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University of Michigan Law School

Michigan Journal of Gender & Law

Employees

Civil Rights and Discrimination

Publication Year

Articles 1 - 5 of 5

Full-Text Articles in Law

Customer Domination At Work: A New Paradigm For The Sexual Harassment Of Employees By Customers, Einat Albin Dec 2017

Customer Domination At Work: A New Paradigm For The Sexual Harassment Of Employees By Customers, Einat Albin

Michigan Journal of Gender & Law

This Article introduces a novel legal paradigm—customer domination at work—to address the sexual harassment of employees by customers. This new approach challenges the prevailing paradigm, which focuses on the employer-employee binary relationship. I show how, under current Title VII law, the prevailing paradigm leads to a weaker form of employer liability than other instances where employers are liable for the sexual harassment of their employees. The protection for workers is also limited. The same is true of two other legal regimes discussed in the Article: Germany and Britain. More importantly, I argue that the prevailing paradigm precludes a ...


"Has The Millennium Yet Dawned?": A History Of Attitudes Toward Pregnant Workers In America, Courtni E. Molnar Jan 2005

"Has The Millennium Yet Dawned?": A History Of Attitudes Toward Pregnant Workers In America, Courtni E. Molnar

Michigan Journal of Gender & Law

This Article will focus on what might be considered the "prehistory" of the PDA in an attempt to shed new light on the equality/difference debate. Beginning as early as the nineteenth century, pregnant workers have been forced into either the equality approach or the difference approach depending mostly on race and class. This Article will show that, at times, both approaches restrained the autonomy of women and even caused harm to individual women and society by contributing to the development of the stereotypes and social attitudes that continue to permit pregnancy discrimination today.


"Just Like One Of The Family": Domestic Violence Paradigms And Combating On-The-Job Violence Against Household Workers In The United States, Kristi L. Graunke Jan 2002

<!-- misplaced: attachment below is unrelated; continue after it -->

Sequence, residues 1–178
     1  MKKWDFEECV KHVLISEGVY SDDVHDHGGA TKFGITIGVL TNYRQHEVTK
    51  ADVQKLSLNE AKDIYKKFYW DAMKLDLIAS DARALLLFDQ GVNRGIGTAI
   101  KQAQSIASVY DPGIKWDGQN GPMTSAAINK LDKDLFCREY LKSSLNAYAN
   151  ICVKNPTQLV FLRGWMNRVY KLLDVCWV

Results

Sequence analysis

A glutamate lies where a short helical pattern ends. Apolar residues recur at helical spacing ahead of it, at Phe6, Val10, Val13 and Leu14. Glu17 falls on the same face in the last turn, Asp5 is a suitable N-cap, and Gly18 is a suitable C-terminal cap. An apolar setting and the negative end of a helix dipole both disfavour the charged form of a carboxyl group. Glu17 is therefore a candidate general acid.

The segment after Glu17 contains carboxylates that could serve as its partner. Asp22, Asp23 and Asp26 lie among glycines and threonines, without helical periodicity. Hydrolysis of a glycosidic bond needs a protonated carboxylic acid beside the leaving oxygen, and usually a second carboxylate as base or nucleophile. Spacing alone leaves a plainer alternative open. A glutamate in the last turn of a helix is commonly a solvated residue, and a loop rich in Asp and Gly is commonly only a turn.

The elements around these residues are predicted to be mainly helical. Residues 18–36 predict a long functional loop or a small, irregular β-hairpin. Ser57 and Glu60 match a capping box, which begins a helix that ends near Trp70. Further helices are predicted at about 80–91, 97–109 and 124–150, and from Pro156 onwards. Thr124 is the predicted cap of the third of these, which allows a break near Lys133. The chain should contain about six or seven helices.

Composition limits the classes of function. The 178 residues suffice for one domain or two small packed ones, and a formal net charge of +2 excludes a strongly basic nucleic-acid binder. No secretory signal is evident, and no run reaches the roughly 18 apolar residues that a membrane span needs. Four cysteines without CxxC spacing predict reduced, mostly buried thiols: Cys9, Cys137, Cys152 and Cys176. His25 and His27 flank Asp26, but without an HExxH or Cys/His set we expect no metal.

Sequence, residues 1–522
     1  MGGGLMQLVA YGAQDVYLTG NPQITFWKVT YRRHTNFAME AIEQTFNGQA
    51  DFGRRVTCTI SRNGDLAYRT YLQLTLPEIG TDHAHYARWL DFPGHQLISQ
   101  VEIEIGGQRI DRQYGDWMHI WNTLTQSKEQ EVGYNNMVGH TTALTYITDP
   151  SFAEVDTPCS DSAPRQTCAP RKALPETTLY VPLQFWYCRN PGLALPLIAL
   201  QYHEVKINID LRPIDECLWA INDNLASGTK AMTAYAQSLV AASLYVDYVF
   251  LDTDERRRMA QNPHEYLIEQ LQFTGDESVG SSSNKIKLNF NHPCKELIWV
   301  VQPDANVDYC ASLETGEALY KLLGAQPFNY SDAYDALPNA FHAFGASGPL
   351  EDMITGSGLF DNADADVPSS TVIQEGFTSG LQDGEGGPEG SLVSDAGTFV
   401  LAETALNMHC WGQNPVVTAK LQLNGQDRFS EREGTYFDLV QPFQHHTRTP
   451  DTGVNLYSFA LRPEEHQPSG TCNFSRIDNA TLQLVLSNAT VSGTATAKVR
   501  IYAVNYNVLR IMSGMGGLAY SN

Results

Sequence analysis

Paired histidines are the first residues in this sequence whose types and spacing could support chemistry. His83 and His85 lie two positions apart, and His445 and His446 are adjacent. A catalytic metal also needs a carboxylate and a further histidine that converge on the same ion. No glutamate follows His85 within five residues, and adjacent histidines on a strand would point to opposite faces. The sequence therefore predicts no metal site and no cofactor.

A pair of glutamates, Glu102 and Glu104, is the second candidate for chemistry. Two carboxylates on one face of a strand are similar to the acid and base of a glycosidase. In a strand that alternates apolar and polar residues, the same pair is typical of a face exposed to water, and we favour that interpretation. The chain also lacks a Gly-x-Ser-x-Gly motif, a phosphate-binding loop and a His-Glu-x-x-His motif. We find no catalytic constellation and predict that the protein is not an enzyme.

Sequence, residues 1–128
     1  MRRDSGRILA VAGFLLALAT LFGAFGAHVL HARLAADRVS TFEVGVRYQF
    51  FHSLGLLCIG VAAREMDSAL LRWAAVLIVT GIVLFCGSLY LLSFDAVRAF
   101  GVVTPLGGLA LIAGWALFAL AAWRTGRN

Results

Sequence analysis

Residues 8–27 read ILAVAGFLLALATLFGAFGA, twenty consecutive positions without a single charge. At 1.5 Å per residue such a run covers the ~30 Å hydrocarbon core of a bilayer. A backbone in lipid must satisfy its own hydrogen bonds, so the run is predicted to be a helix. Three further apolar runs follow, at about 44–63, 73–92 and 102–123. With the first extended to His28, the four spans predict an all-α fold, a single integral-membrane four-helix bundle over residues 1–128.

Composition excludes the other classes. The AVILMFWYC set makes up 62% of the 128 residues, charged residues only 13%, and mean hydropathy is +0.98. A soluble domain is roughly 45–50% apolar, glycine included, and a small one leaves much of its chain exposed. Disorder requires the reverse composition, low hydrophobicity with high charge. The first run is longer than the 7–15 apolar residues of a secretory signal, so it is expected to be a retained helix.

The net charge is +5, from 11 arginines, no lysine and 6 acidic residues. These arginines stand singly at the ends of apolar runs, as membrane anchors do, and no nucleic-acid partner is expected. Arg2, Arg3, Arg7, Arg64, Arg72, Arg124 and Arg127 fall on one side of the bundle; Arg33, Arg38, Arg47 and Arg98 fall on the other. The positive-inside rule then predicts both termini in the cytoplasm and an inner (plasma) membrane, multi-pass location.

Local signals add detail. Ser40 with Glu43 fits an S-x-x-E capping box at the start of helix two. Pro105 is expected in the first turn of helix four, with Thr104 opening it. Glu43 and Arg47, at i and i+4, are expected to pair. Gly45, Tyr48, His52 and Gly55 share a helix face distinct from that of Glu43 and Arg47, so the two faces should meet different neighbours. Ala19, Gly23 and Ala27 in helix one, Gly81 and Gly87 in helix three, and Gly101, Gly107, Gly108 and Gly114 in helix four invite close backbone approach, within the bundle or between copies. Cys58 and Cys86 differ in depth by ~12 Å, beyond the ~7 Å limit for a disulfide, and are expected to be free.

"Just Like One Of The Family": Domestic Violence Paradigms And Combating On-The-Job Violence Against Household Workers In The United States, Kristi L. Graunke

Michigan Journal of Gender & Law

This Article argues that the immense problem of on-the-job abuse experienced by domestic workers demands a multifaceted plan of attack. The proposed responses specifically draw upon the capacities, strengths, and resources of women, particularly comparatively privileged women, as both activists and employers of domestic workers. By describing the circumstances of domestic work in the United States from the nation's inception to the present, Part I demonstrates the prevalence and intractability of on-the-job physical and sexual abuse and argues that other women, as employers of domestic workers, have historically played a complex role in participating in, condoning, or failing to ...


The Customer Is Always Right… Not! Employer Liability For Third Party Sexual Harassment, Lea B. Vaughn Jan 2002

The Customer Is Always Right… Not! Employer Liability For Third Party Sexual Harassment, Lea B. Vaughn

Michigan Journal of Gender & Law

This article will ask a series of questions. What is third party sexual harassment? Under what conditions does it occur? Does it differ in any significant respects from traditional notions of sexual harassment? Should those differences, if any, make a difference in the way that the legal system addresses third party harassment? And indeed, should the problem be addressed solely through the legal system? What might an employer do to alleviate sexual harassment of this type?


Hostile Environent Sexual Harassment Claims And The Unwelcome Influence Of Rape Law, Janine Benedet Jan 1996

Hostile Environent Sexual Harassment Claims And The Unwelcome Influence Of Rape Law, Janine Benedet

Michigan Journal of Gender & Law

This article considers the unwelcomeness requirement of the plaintiff’s prima facie case. In particular, it examines the discussion of unwelcomeness found in the decision of the Supreme Court in Meritor Savings Bank v. Vinson, and the content given to this element by the subsequent decisions of lower courts. Such an inquiry reveals several parallels between the approach of courts to sexual harassment claims and their traditional treatment of the criminal offense of rape. The same biases and erroneous assumptions that have hampered an effective response to the physical violation of women have permeated the application of the purported remedy ...